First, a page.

After a six-week trial in Virginia, Heard was ordered to pay Depp $10m in compensatory damages and $5m in punitive damages. The seven-person jury found Heard made “false” statements about the pair’s marriage and acted with “actual malice”. Meanwhile, Heard was awarded $2m, after the jury found that Depp had defamed her via his lawyer. The high-profile battle came after the High Court in London across the Atlantic ruled in 2020 that The Sun had not defamed Depp by referring to him as a “wife beater”. A judge described the statement as “substantially true”, as well as finding 12 of Heard’s 14 abuse accusations were proven to be “substantially true”.

But to return to the decision to have Depp’s film open the Cannes Film Festival – which received a seven-minute standing ovation – it feels a troubling choice. As a journalist with an admittedly poor knowledge of the inner machinations of the film industry, it is hard to know what paved the way for the decision without being a fly on the wall in a glass meeting of movie execs. But I do know that criticism should not only be aimed at Cannes, but at those who cast Depp in Jeanne du Barry.

No doubt those keen to have Depp at the festival will insist he is there because he is an immensely talented actor who had an unjust fall from grace, but one can’t help but wonder if it is an opportunistic attempt to grab some easy, guaranteed PR for the festival. After all, Depp’s controversy has already found itself to be lucrative. The actor just nabbed another $20m contract for being the face of the massively popular Dior fragrance, Sauvage, which describes itself as having “a smooth animal charm”. Perhaps this was inevitable given sales of Dior Sauvage were actually bolstered by the US defamation trial.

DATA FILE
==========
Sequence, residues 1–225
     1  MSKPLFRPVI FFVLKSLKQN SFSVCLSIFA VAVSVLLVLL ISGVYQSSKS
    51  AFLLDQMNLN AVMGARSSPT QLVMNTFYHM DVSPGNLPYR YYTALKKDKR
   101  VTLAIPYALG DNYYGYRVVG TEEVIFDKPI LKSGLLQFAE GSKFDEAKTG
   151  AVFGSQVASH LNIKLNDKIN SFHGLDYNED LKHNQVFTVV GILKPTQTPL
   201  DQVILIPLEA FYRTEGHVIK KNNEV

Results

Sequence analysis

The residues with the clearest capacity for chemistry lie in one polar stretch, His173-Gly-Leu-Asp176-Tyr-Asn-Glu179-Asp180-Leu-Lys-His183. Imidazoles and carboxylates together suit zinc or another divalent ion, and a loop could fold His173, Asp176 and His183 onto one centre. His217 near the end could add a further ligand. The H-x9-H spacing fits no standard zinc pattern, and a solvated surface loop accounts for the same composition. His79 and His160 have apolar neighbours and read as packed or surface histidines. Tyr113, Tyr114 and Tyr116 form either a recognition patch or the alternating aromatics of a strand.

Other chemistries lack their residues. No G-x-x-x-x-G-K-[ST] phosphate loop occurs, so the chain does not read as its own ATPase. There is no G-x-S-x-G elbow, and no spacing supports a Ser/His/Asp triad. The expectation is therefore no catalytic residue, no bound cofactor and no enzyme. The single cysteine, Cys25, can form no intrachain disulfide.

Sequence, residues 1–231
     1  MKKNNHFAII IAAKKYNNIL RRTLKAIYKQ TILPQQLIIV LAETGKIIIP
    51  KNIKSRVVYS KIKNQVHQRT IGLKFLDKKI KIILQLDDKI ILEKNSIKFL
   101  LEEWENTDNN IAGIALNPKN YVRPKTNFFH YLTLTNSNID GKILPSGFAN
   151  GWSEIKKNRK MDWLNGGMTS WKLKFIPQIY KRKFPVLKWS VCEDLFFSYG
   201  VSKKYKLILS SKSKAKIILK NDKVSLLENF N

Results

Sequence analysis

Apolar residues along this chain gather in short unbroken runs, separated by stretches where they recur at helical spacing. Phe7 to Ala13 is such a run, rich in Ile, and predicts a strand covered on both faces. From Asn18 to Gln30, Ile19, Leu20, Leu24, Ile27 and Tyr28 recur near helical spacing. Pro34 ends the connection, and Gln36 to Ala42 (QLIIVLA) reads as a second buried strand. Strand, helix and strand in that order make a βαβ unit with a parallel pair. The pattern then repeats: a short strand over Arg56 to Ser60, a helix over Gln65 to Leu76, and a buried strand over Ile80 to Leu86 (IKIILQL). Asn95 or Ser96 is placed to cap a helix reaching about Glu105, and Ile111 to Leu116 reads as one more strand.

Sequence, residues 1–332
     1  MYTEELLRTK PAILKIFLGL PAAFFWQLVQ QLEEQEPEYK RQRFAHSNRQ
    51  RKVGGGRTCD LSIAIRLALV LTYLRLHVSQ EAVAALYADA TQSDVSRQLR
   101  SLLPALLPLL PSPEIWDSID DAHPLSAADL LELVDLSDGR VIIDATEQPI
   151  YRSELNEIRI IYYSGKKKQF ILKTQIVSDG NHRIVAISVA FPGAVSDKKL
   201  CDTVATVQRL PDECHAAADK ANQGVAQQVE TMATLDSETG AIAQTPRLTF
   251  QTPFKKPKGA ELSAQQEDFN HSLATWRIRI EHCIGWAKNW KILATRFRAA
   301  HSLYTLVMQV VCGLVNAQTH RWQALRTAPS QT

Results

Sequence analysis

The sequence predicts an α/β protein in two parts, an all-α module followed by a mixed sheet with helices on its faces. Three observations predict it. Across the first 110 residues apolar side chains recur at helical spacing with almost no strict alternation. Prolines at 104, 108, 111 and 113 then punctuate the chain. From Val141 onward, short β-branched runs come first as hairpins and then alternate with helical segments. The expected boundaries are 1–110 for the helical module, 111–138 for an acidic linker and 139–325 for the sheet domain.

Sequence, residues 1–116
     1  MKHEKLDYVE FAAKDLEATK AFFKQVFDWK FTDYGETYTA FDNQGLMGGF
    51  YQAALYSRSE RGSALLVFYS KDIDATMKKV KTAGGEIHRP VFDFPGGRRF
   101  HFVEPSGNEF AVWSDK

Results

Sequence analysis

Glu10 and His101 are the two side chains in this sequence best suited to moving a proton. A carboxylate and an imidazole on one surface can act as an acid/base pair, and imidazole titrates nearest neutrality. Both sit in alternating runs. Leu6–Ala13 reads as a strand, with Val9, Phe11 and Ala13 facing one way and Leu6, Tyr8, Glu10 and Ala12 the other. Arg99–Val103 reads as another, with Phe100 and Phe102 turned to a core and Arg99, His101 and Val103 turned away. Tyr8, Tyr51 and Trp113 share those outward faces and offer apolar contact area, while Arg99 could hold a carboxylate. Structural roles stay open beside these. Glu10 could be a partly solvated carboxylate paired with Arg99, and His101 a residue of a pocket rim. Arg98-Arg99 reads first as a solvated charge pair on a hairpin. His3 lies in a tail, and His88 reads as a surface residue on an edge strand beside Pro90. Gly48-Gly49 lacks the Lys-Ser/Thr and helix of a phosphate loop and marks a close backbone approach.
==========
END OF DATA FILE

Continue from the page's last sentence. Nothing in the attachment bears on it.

Whatever you think about Depp, there is no denying the actor has a gargantuan fanbase, many of whom appear to unconditionally adore him. In their eyes, Johnny can do no wrong. He is immune from criticism and anyone who is perceived to slight him deserves vitriol. This is not a spurious statement but one based on first-hand experience, having myself fallen prey to hundreds of trolling Depp fans on Twitter.

For some, the decision to let Depp open the festival boils down to the perennial philosophical and moral question of whether you can separate the art from the artist. While this is a debate people feel intensely differently about, irrespective of which side you sit on, there is something which feels troubling about Depp soaring back to stardom as if nothing happened.

But it would be naive to think film industry insiders have the memory of goldfishes - make no mistake, they will not have forgotten the deeply disturbing details which surfaced about Depp’s behaviour - perhaps they just don’t care. Or if they do care, this is usurped by a desire to profit from Depp’s throngs of followers.

The term “Depp renaissance” keeps popping into my head, but perhaps this is a misnomer. It implies he disappeared and has now made a comeback, but in reality it feels like he didn’t go anywhere. Yes, Depp was dropped from the Pirates of the Caribbean franchise, but who knows, perhaps Jack Sparrow will return. Stranger things have happened. “Welcome back” are the two words Depp fans are writing on social media, but this implies he went away.